‘The Mountains are Quiet and the Days Grow Long’: The Steady Hand of Ch’en Shu

Welcome to my second column! This week we are moving across to China to look at the life and works of the artist Ch’en Shu (1660-1736).

Ch’en Shu, The White Cockatoo, Detail, 1721, Hanging scroll, ink and colours on paper, 94.0 x 43.7 cm. The Metropolitan Museum of Art, John Steward Kennedy Fund. 1913 (13.220.31) (Image: https://www.metmuseum.org/art/collection/search/36015)

Born in 1660, she came from an upper-class family which had, for many generations, lived in the Hsiu-shui district of Chiahsing prefecture, Chekiang province and produced a number of high-ranking officials in the local administration. She was born on the birthday of the god of literature (the third day of the second month) and it is perhaps because of this, that her parents named their daughter ‘Shu’ signifying “book”, “writing” or “to write” (Marsha Weidner).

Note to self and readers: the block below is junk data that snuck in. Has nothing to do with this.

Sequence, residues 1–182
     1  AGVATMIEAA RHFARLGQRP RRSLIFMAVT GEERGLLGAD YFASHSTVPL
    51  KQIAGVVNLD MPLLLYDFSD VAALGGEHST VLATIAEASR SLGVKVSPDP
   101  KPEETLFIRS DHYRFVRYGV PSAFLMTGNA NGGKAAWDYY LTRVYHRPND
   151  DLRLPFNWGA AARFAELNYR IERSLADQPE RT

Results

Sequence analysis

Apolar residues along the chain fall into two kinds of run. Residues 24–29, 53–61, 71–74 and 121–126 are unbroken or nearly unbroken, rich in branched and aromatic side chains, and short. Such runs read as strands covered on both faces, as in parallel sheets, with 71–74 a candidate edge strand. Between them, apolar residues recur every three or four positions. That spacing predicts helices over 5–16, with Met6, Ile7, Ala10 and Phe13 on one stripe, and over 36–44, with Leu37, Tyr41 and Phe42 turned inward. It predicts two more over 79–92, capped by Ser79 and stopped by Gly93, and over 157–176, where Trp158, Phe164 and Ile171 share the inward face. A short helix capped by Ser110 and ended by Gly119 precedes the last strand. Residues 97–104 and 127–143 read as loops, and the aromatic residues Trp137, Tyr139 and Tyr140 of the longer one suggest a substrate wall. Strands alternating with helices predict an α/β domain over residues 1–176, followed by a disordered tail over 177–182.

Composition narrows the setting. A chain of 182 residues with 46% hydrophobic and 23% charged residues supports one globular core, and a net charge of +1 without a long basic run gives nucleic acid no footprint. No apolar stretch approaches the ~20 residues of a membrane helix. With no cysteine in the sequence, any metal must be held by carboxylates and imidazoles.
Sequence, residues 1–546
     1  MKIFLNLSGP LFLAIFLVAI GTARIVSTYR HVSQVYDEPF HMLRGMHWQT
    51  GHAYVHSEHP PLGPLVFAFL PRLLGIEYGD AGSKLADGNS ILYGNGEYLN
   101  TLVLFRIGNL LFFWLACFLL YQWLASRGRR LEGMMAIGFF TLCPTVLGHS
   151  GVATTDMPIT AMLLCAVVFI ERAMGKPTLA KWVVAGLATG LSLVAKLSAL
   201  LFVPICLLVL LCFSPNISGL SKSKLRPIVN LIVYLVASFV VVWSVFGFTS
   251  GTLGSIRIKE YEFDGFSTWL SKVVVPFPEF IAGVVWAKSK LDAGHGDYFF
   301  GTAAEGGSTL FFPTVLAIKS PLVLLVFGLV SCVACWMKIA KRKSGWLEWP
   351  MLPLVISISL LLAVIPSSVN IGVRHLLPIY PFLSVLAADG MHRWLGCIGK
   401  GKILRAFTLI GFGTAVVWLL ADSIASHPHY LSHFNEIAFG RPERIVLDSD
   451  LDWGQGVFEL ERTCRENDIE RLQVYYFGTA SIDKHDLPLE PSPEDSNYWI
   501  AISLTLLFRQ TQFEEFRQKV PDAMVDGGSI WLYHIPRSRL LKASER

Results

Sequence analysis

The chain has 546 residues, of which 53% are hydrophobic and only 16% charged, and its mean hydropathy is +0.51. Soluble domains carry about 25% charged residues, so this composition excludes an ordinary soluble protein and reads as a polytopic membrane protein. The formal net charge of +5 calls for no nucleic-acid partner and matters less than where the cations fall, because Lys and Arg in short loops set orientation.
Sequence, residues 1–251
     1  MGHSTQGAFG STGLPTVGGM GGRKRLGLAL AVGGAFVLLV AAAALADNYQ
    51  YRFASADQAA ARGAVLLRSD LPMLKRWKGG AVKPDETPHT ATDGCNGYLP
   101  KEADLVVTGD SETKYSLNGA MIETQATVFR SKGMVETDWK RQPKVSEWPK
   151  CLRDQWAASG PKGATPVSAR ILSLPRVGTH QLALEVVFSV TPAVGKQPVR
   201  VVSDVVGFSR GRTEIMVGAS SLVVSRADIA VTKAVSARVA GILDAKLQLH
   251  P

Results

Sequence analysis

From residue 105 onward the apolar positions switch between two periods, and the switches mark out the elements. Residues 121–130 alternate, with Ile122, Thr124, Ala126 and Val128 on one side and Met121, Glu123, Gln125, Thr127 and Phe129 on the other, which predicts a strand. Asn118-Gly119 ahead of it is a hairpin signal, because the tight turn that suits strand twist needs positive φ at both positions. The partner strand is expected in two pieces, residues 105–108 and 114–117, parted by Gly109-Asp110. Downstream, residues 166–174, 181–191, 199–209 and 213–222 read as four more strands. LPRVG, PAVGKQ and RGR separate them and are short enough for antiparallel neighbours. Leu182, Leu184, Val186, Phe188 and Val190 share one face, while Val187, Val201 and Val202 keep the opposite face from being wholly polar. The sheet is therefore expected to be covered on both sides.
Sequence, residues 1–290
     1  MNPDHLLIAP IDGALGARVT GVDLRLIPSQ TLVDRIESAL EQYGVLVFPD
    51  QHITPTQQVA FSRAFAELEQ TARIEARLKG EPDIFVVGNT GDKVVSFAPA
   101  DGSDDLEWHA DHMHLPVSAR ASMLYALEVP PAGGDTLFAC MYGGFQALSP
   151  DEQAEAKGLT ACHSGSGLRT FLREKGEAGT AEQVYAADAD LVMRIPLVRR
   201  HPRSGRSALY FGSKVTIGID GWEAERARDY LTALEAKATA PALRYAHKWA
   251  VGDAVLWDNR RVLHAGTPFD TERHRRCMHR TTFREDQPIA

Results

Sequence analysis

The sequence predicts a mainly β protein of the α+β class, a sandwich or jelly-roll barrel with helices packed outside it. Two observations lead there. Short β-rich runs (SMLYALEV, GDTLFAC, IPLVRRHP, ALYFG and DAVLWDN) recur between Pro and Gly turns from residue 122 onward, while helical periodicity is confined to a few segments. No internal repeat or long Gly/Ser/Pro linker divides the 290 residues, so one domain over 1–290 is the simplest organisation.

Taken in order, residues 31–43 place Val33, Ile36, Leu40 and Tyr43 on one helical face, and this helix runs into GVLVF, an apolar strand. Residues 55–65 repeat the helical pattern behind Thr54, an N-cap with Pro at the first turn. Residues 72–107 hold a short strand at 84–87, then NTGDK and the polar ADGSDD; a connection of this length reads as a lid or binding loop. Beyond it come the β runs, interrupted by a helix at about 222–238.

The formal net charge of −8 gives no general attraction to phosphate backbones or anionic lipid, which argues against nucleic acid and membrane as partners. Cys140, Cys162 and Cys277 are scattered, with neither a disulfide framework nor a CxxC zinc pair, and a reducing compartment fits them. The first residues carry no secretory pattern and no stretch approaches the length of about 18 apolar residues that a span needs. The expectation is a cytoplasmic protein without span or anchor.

In the Ch’ing dynasty, particularly in the lower Yangtze region, the cultural centre of the late imperial period, it was actually not unusual for the more liberal members of the upper classes to allow their daughters to paint, write poetry and practice calligraphy (Marsh